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Original Research: Aging |

Aging, Diabetes, and Hypertension Are Associated With Decreased Nasal Mucociliary ClearanceFactors Affecting Mucociliary Clearance

Janaína Proença de Oliveira-Maul, MSc; Heráclito Barbosa de Carvalho, MD, PhD; Danielle Miyuki Goto, PhD; Raphaela Mendonça Maia, BSc; Claudia Fló, PhD; Viviane Barnabé, PhD; Denise Reis Franco, MD; Simon Benabou, MD; Monica Rodrigues Perracini, PhD; Wilson Jacob-Filho, MD, PhD; Paulo Hilário Nascimento Saldiva, MD, PhD; Geraldo Lorenzi-Filho, MD, PhD; Bruce K. Rubin, MD, MEngr, MBA, FCCP; Naomi Kondo Nakagawa, PhD
Author and Funding Information

From the Department of Physiotherapy, Communication Science and Disorders, Occupational Therapy, LIM 34 (Ms Proença de Oliveira-Maul and Drs Goto, Barnabé, and Nakagawa); the Department of Pathology, LIM 05 (Ms Proença de Oliveira-Maul and Drs Goto, Barnabé, Benabou, Saldiva, and Nakagawa); the Department of Preventive Medicine, LIM 39 (Dr Barbosa de Carvalho); the Department of Geriatrics (Drs Fló and Jacob-Filho); the Division of Pneumology (Dr Lorenzi-Filho), Heart Institute, Faculdade de Medicina da Universidade de São Paulo; Master of Science Program in Physiotherapy (Ms Maia and Dr Perracini), University of São Paulo City; and Associação de Diabetes Juvenil (Dr Franco), São Paulo, Brazil; and the Virginia Commonwealth University Department of Pediatrics (Dr Rubin) and Children’s Hospital of Richmond at Virginia Commonwealth University (Dr Rubin), Richmond, VA.

Correspondence to: Naomi Kondo Nakagawa, PhD, Faculdade de Medicina da Universidade de São Paulo, 455 Av. Dr. Arnaldo room 1150, Cerqueira Cesar, São Paulo, Brazil, CEP 01246-903; e-mail: naomi.kondo@usp.br


Funding/Support: This study received financial support from Fundação de Amparo à Pesquisa do Estado de São Paulo [FAPESP 07/51605-9].

Reproduction of this article is prohibited without written permission from the American College of Chest Physicians. See online for more details.


Chest. 2013;143(4):1091-1097. doi:10.1378/chest.12-1183
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Background:  We showed previously that nasal mucociliary clearance was decreased in critically ill elderly subjects, most of whom had diabetes mellitus (DM) and/or hypertension (HTN). To determine if these changes were due to the effects of aging, disease, or critical illness, we studied nasal mucociliary clearance and mucus properties in an ambulatory population consisting of young, elderly, and healthy subjects and those with DM, HTN, or both.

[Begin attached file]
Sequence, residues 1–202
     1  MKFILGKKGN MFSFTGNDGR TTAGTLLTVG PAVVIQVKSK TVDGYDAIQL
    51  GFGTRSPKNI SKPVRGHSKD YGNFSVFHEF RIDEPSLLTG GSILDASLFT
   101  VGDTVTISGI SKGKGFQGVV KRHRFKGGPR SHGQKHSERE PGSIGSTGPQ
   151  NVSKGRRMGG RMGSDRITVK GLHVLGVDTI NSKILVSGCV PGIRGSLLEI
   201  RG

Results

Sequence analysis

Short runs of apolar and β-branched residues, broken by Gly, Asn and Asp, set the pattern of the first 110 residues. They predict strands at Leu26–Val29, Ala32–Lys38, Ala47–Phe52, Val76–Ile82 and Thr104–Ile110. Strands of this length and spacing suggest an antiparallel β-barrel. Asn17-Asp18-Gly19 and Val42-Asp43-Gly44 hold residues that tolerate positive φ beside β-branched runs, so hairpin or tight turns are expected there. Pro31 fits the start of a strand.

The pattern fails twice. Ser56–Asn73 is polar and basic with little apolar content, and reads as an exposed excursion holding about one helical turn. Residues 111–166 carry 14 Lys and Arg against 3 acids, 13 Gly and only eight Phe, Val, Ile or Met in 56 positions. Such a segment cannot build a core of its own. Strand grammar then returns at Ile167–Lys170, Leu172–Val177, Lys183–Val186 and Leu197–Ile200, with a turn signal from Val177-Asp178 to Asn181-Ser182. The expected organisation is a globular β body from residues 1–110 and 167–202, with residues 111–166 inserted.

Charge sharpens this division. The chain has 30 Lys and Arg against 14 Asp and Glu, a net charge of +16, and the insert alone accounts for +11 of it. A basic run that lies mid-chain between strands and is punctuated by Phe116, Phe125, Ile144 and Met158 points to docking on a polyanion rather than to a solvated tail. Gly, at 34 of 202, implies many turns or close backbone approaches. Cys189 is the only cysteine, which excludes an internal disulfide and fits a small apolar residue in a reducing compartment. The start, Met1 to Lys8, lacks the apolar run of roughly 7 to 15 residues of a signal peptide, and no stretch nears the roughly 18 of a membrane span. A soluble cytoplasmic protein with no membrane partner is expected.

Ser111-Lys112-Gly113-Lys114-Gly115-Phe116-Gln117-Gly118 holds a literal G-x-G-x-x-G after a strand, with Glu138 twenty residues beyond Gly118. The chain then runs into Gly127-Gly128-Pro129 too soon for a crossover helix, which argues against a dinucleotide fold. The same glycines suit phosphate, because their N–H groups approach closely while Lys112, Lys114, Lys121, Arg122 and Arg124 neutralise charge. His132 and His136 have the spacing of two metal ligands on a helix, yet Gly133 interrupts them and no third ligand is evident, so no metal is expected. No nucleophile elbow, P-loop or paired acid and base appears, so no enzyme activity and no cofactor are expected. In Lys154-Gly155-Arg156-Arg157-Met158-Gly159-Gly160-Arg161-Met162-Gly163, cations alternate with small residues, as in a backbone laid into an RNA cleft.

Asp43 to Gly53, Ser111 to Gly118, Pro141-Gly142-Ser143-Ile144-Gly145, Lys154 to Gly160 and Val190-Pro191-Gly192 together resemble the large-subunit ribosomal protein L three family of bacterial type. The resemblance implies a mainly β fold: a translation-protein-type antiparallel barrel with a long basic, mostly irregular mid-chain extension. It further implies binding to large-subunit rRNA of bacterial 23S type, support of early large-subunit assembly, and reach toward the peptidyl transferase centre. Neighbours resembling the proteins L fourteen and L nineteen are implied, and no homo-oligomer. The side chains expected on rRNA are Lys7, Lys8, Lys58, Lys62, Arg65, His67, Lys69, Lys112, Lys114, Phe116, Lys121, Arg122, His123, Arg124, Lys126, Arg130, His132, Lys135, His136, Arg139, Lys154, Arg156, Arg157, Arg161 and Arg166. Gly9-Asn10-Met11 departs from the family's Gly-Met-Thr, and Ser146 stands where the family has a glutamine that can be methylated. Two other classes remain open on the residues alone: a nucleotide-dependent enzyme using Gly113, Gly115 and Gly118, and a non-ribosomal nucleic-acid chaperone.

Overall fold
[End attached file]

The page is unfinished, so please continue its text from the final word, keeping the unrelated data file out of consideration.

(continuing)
Methods:  Of 440 subjects contacted, 252 entered the study. The subjects were divided into the following groups: (1) healthy (n = 79, 18-94 years, 50 men) and (2) DM and/or HTN, of which 37 had DM (14-90 years, 12 men), 52 had HTN (23-90 years, 12 men), and 84 had both DM and HTN (25-82 years, 33 men). Subjects were also grouped by age: < 40 years, 40 to 59 years, and ≥ 60 years. We assessed demographic and clinical data, quality of life using the 36-Item Short Form Health Survey (SF-36) questionnaire, nasal mucociliary clearance using the saccharine transit test (STT), and in vitro mucus properties by examining the sneeze (high airflow) clearability and contact angle. A logistic regression analysis for prolonged STT > 12 min was used, and we controlled for age, sex, and diseases.

Results:  Subjects aged > 60 years reported a decreased SF-36 physical component relative to other age groups. Sex, BMI, BP, heart rate, pulse oximetry, blood glucose level, and mucus properties were not associated with prolonged STT. Aging and DM and/or HTN independently increased the risk of prolonged STT.

Conclusions:  Aging and DM, HTN, or both diseases are independently associated with decreased nasal mucociliary clearance. This may predispose toward respiratory infections.

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